Seared Ahi Tuna Bowl

A nutritious, high-protein bowl that is full of flavors!

Calling all sushi and poke lovers, this is the ultimate dish for you! Seared ahi tuna with fresh vegetables and fruits over rice is a protein-packed, gluten-free meal* that will satisfy your cravings. A homemade ponzu (Japanese citrus sauce) is drizzled on top to bring all the flavors together.

I have always loved sashimi growing up, however, sushi, poke, or any raw fish meal is quite expensive outside home. Purchasing a good quality fish is also expensive, but you get more bang for your buck when you make such dishes from scratch. I recently purchased a wholesale pack of ahi tuna steaks and have been enjoying a variety of tuna dishes, meaning you can expect a few more tuna recipes after this initial one! For this recipe, I kept it very simple and enjoyed a seared rare tuna steak. Tuna is mostly eaten raw or semi-raw because thoroughly cooked tuna is quite dry, due to its low fat content. A well-done tuna steak would be similar to canned tuna, and that’s just not what we are achieving here.

How to purchase safe tuna?

Consuming raw fish will always come with risks. High-risk individuals should not consume it. Be cautious of your tuna’s source and make sure you are purchasing sashimi-grade fish. Sashimi-grade is an unofficial term which means the seller states that the fish is safe for raw consumption, based on FDA guidelines. The fish should be frozen for a certain amount of time right after it is caught to kill any parasites. Wild fish is more likely to have parasites than farmed fish. The best tips to purchasing a fish that is to be eaten raw is to buy from a reliable source and read reviews. I did plenty of research on my supplier before purchasing the tuna from them.

How to prepare ahi tuna at home: If the tuna steak arrives frozen, thaw it in the fridge and eat within 24 hours of thawing. Sanitize cutting boards and knives with boiled waiter.

Ingredients and nutrition benefits:

Tuna is a lower calorie, high protein fish that is rich in B vitamins and potassium. I accompanied the tuna rice with carrots, edamame, pineapples, cucumber, and avocado for color and nutrient variety. Adding more colors=adding a wider variety or vitamins and minerals. These ingredients are all low fat (with the exception of avocado, which contains healthy fats), but very satiating!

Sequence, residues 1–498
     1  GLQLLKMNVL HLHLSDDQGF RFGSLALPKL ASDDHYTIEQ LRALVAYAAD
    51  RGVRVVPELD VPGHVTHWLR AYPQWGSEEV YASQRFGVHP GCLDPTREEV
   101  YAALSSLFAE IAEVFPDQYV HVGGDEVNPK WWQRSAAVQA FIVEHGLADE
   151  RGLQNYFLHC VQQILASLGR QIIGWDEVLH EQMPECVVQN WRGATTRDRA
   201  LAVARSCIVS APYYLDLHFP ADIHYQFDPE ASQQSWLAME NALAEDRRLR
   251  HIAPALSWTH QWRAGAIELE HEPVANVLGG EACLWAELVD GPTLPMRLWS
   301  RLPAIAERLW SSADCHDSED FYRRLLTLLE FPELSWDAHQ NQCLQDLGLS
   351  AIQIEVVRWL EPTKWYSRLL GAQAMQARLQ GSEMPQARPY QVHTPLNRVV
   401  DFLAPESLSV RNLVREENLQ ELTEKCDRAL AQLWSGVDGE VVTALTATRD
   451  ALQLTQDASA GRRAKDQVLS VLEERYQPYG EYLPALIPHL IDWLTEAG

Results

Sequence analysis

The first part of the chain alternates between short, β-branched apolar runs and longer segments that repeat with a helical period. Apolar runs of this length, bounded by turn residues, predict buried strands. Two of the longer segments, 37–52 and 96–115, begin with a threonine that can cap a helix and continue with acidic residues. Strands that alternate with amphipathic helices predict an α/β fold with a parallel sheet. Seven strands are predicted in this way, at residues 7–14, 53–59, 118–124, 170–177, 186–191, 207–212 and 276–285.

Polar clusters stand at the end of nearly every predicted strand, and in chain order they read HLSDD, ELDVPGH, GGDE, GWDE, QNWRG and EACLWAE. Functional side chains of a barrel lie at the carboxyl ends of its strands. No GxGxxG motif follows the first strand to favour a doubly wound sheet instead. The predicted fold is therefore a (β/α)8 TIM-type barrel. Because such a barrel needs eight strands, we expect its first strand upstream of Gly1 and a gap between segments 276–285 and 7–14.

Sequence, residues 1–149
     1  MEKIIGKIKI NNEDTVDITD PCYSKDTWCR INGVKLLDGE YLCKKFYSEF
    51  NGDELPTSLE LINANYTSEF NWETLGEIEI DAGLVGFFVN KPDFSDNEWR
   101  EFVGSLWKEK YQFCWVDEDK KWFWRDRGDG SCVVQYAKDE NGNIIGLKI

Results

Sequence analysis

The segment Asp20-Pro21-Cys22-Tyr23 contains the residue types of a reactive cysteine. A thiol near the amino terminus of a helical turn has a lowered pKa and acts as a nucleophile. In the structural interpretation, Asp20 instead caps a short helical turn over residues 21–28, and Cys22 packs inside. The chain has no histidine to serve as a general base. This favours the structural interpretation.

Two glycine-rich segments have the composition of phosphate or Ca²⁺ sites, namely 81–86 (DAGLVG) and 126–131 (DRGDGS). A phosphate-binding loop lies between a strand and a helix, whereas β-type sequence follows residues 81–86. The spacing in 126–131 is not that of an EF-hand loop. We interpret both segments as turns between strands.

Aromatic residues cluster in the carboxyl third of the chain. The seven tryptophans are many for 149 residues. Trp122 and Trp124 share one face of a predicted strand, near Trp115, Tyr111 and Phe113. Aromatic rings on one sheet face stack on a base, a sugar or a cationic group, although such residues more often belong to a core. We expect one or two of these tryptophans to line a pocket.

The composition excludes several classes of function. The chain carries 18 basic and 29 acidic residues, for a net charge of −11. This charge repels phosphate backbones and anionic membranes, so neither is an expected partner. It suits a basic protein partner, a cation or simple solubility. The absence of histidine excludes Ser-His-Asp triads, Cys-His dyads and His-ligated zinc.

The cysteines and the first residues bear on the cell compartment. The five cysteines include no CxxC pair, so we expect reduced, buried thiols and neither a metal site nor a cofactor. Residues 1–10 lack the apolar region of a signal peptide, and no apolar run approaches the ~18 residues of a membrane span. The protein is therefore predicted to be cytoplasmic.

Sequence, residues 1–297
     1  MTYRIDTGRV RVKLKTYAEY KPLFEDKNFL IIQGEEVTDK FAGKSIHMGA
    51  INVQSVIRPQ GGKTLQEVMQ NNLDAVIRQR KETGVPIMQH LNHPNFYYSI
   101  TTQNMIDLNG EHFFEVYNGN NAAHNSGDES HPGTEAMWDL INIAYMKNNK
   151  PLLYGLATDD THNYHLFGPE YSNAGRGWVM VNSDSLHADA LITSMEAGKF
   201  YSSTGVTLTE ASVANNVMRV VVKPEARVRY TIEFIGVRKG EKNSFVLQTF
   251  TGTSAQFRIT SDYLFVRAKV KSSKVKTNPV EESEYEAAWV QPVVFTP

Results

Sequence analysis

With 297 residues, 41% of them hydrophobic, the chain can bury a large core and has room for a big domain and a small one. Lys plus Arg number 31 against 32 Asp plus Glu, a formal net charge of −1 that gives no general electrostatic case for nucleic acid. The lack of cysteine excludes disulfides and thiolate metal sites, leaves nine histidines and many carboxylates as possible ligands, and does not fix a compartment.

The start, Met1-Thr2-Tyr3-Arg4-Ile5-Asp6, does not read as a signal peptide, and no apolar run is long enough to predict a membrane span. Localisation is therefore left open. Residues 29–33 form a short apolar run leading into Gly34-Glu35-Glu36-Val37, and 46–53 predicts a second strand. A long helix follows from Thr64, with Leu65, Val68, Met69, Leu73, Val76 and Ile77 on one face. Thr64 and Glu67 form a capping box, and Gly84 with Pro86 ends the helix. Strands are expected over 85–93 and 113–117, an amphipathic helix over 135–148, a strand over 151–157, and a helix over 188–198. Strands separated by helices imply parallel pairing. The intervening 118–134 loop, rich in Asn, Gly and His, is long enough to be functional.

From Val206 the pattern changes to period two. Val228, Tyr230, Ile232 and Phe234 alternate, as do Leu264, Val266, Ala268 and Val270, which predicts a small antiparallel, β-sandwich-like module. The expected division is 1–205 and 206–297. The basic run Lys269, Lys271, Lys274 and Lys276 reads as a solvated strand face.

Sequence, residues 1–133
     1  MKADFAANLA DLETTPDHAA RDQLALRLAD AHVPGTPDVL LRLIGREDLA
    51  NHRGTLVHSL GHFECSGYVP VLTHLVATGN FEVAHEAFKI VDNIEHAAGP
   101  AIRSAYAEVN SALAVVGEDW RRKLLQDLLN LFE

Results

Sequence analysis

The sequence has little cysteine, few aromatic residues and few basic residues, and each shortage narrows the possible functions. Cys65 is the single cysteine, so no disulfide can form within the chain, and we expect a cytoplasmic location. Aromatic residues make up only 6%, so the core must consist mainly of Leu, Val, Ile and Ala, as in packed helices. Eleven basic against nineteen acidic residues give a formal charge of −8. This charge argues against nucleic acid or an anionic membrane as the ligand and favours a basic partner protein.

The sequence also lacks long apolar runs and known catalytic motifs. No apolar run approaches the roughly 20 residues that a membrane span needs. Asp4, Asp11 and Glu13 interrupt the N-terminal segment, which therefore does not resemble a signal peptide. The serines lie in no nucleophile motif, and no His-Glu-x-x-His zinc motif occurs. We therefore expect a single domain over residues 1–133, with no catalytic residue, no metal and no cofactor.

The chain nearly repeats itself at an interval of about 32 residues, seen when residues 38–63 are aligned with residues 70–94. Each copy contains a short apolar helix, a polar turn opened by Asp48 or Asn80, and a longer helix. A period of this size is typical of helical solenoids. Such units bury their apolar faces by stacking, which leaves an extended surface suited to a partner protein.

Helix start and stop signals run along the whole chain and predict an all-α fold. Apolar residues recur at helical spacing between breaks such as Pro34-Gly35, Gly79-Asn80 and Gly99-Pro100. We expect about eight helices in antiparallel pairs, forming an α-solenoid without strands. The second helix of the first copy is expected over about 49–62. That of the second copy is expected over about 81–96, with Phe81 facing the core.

Seared Ahi Tuna Bowl

yield: 1 large bowl

total cook time: 20 min.


For the Tuna:

  • 170 g. or 6 oz. sashimi-grade tuna steak
  • 30 g. or 2 tbsp. light soy sauce* (use tamari for gluten-free option)
  • 30 g. or 2 tbsp. orange juice
  • 8 g. or 1 1/2 tsp. lemon juice

For bowl:

  • 235 g. or 1 1/2 c. cooked short-grain rice
  • 50 g. or 1/3 c. spiralized or shredded carrots
  • 52 g. or 1/3 c. cooked edamame
  • 55 g. or 1/3 c. diced pineapples or mango
  • 8 slices cucumber
  • 1/2 medium avocado, sliced
  • furikake or sesame seeds to top, optional

For the citrus ponzu:

  • 30 g. or 2 tbsp. light soy sauce (use tamari for gluten-free option)
  • 30 g. or 2 tbsp. orange juice
  • 8 g. or 1 1/2 tsp. lemon juice


  1. Mix together the soy sauce, orange juice, and lemon juice to make the tuna marinade. Marinate the tuna steak in the sauce for at least 10 minutes (marinated 5 minutes on each side).
  2. Heat a cast iron skillet over high heat. Sear each side of the steak for 1 minute. Remove and rest for 2 minutes. Thinly slice the steak and set aside.
  3. Add the rice to a large bowl or plate and add the carrots, edamame, pineapple, cucumber, avocado, and tuna on top. Sprinkle furikake.
  4. In a small bowl, mix soy sauce, orange juice, and lemon juice. Drizzle some of the sauce over the bowl and enjoy!

Recipe notes:

  • Tuna should be consumed immediately after eating. If you have leftovers, refrigerate for up to 24 hours.
  • *To make this recipe gluten-free, use tamari.

This post contains affiliate links, which I may receive a commission at no additional cost to you.

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